Blog of Rights

Diana
Kasdan

Tennessee and Virginia Agree: Stop Shackling Pregnant Women

By Diana Kasdan, Reproductive Freedom Project at 11:02am
Women's dignity was vindicated twice in a double dose of justice on Thursday. A federal jury in Tennessee awarded Juana Villegas $200,000 as compensation for the suffering she endured when the Davidson County Sheriff's Office unconstitutionally shackled her to her delivery bed in 2008.

"Personhood Nevada" Reminds Us Why the Ballot Box is No Place for Guessing Games

By Diana Kasdan, Reproductive Freedom Project at 5:35pm

Today the Nevada Supreme Court heard arguments in Personhood Nevada v. Bristol, a case reviewing the legality of a proposed ballot initiative aimed at interfering with private health care decisions. In January, a lower court judge declared the…

Court Forces Bed Rest on Pregnant Woman

By Diana Kasdan, Reproductive Freedom Project at 1:43pm

The State of Florida apparently considers confining pregnant women to bed rest "status quo."

You may be wondering if you read that correctly. You did. The State of Florida actually took the position that it is simply maintaining…

"No One Should Go Through What I Went Through"

By Diana Kasdan, Reproductive Freedom Project at 2:30pm

That’s what Bethany Cajúne told me the first time we spoke about her experience in Montana’s Lake County Detention Facility. “No one should go through what I went through.” We filed a case earlier today to make sure…

"Don't Tell and They Won't Ask": Reproductive Health Care in Immigration Detention

By Diana Kasdan, Reproductive Freedom Project at 3:18pm

Detained and Dismissed: Women's Struggles to Obtain Health Care in United States Immigration Detention, a report released today by Human Rights Watch, sheds much-needed light on the unique harms immigrant detention centers inflict on the reproductive…

Meeting the Health Care Needs of Pregnant Inmates

By Diana Kasdan, Reproductive Freedom Project at 1:09pm

(Originally posted on Feministing.)

Today, Perspectives on Sexual and Reproductive Health published a nationwide survey — "Incarcerated Women and Abortion Provision: A Survey of Correctional Health Providers," by Carolyn B. Sufrin, Mitchell D. Creinin, and Judy C. Chang. For the first time, we have a comprehensive understanding of whether incarcerated women can obtain abortion care in U.S. correctional facilities. The authors surveyed health professionals who provide clinical care in prisons; only 68 percent of respondents indicated that women in their facilities can obtain "elective" abortions. To state the disturbingly obvious flip-side of that statistic: more than 30 percent of respondents indicated that women within their facilities could not access abortion care.

A few weeks ago, an investigative piece in the Texas Observer reported, "For pregnant women in immigration detention facilities, it is virtually impossible to obtain an abortion." Interviews with sexual assault counselors, researchers, and advocates reveal that pregnant detainees — including those who are pregnant as a result of having been raped while crossing the border — face immense, often complete, barriers when they seek abortion information and services. According to an Immigration and Customs Enforcement (ICE) spokesperson quoted in that story, of nearly 1,000 pregnant detainees in 2008 "no detainee has had a pregnancy terminated while in ICE custody," though as the article also makes clear, we know that at least some of these women would have requested information about terminating their pregnancies.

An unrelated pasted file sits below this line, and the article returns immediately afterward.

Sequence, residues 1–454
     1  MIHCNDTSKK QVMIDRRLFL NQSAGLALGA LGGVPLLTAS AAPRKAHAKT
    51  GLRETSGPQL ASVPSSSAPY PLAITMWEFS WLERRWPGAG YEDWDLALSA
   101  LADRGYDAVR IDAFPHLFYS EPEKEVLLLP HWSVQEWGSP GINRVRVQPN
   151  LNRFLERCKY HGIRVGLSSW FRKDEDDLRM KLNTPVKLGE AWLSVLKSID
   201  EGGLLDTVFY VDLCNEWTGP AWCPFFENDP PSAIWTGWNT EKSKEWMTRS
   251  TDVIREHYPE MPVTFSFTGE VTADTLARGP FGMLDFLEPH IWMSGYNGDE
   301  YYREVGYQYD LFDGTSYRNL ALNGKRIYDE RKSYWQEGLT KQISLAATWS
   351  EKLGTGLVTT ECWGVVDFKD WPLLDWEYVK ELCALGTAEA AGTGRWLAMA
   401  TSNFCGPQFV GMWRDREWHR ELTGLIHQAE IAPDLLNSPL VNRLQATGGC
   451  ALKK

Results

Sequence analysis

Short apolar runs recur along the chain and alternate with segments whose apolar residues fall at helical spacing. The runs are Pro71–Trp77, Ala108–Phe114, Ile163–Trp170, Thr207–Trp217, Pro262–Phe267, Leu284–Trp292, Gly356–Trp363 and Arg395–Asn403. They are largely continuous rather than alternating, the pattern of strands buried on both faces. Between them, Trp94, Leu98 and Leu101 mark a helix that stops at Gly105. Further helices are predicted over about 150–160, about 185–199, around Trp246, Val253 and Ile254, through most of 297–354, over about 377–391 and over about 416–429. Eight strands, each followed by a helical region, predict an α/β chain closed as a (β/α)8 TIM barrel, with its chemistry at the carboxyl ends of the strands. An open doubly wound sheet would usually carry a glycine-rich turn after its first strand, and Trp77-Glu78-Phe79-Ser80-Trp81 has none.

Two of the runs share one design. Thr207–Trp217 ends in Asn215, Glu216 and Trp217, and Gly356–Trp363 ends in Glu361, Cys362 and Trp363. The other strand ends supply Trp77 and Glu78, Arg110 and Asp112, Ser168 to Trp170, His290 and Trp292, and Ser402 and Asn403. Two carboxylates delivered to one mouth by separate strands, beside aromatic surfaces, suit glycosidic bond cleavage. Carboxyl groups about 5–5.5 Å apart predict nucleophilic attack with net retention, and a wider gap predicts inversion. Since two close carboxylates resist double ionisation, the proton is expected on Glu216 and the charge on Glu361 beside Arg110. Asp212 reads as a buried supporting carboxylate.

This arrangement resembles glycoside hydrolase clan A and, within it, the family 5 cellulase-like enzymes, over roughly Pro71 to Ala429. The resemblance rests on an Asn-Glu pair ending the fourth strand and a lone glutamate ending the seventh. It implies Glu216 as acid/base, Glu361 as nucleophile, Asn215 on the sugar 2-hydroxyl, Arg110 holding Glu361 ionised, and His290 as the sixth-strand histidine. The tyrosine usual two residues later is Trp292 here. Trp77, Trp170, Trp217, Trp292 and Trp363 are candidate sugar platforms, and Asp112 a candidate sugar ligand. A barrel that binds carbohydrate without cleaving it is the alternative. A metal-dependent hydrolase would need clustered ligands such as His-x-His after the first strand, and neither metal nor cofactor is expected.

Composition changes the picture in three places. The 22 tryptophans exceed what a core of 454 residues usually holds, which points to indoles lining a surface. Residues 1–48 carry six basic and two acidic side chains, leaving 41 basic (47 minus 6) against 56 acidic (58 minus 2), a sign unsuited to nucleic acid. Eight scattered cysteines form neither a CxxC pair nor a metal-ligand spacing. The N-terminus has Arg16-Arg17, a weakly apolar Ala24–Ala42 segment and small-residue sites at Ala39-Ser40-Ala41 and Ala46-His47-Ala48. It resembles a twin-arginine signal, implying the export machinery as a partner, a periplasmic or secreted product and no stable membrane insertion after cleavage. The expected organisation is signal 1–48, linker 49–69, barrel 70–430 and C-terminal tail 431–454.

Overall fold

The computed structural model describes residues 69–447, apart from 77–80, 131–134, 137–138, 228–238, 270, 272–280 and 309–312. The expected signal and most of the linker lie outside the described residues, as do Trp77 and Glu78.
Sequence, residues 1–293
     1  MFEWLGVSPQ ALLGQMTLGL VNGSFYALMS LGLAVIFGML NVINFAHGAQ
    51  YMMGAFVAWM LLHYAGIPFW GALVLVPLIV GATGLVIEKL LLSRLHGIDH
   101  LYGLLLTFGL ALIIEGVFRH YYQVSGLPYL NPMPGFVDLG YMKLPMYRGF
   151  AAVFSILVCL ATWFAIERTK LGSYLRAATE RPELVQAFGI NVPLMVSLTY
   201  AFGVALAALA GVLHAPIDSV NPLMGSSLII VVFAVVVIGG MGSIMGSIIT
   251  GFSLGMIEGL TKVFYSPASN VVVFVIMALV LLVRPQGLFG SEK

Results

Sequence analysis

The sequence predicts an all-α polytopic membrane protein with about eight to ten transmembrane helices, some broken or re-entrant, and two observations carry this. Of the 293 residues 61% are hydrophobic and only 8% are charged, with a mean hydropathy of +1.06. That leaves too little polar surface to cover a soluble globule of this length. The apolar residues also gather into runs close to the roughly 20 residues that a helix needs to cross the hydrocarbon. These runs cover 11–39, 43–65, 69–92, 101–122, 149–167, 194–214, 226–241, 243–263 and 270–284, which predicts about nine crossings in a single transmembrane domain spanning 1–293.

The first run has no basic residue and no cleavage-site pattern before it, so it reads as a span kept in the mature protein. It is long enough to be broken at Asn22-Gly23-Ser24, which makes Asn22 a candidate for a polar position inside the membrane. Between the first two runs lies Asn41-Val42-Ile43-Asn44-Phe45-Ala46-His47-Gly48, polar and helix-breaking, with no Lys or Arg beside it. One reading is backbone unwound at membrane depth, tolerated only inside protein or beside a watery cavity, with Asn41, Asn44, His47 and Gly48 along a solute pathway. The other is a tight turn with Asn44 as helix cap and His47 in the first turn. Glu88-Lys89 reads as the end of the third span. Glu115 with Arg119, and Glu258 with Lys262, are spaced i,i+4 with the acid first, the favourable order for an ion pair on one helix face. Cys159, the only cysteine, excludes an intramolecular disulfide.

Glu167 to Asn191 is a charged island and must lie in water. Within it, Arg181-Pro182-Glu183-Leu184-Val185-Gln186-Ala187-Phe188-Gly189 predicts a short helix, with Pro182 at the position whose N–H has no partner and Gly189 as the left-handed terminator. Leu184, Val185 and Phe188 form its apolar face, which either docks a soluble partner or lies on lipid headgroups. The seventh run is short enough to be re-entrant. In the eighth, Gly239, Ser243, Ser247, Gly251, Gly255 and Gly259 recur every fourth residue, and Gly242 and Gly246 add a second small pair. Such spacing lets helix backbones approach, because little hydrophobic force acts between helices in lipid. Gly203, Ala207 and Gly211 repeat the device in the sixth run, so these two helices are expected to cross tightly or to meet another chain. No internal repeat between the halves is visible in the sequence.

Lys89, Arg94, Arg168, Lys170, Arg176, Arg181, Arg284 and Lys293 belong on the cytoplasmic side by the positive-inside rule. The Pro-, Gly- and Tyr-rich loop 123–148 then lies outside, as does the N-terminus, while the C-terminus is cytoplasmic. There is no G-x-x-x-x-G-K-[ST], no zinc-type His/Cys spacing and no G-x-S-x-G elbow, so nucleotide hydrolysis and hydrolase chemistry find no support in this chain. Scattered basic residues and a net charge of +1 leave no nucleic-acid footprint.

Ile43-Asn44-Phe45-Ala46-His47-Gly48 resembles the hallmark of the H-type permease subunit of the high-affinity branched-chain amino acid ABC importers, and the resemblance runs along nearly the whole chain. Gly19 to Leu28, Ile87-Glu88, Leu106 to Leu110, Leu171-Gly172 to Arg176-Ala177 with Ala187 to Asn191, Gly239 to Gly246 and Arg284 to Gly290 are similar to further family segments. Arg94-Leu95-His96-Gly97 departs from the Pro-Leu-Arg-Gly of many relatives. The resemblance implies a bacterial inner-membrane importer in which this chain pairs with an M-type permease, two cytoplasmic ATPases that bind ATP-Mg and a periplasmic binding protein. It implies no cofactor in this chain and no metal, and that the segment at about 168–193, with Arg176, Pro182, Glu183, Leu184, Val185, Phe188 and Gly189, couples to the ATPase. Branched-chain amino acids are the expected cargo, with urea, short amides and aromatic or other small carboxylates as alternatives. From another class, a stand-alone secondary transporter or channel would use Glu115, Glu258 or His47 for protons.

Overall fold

What exactly is going on? First, let's put to rest any lingering doubts: The Supreme Court did notrecently decide that pregnant women lose their right to have an abortion when they are in prison, and the Bush administration did not push through a midnight regulation banning reproductive health care for incarcerated women. To the contrary, as I explain in a Viewpoint (PDF) piece published along with the Sufrin study, the law is clear -- women do not lose their right to abortion because of imprisonment, and correctional authorities must ensure that women in their custody have adequate access to abortion care. Likewise, pregnant women who plan to carry to term have a constitutional right to medical care throughout pregnancy, childbirth, and postpartum recovery. Unfortunately, too often authorities disregard the unique health needs of pregnant women and assume that they have discretion to permit or deny care as they see fit. As Sufrin's survey confirms, when it comes to abortion, this can lead to a hodgepodge of policies, practices, and perceptions among correctional authorities and staff.

Victory in the Regina McKnight Case

By Diana Kasdan, Reproductive Freedom Project at 2:23pm
Earlier this week, the South Carolina Supreme Court unanimously ruled that Regina McKnight, a woman convicted in 2001 of homicide after suffering a stillbirth and admitting to cocaine usage, did not have a fair trial. In so doing, the court recognized…
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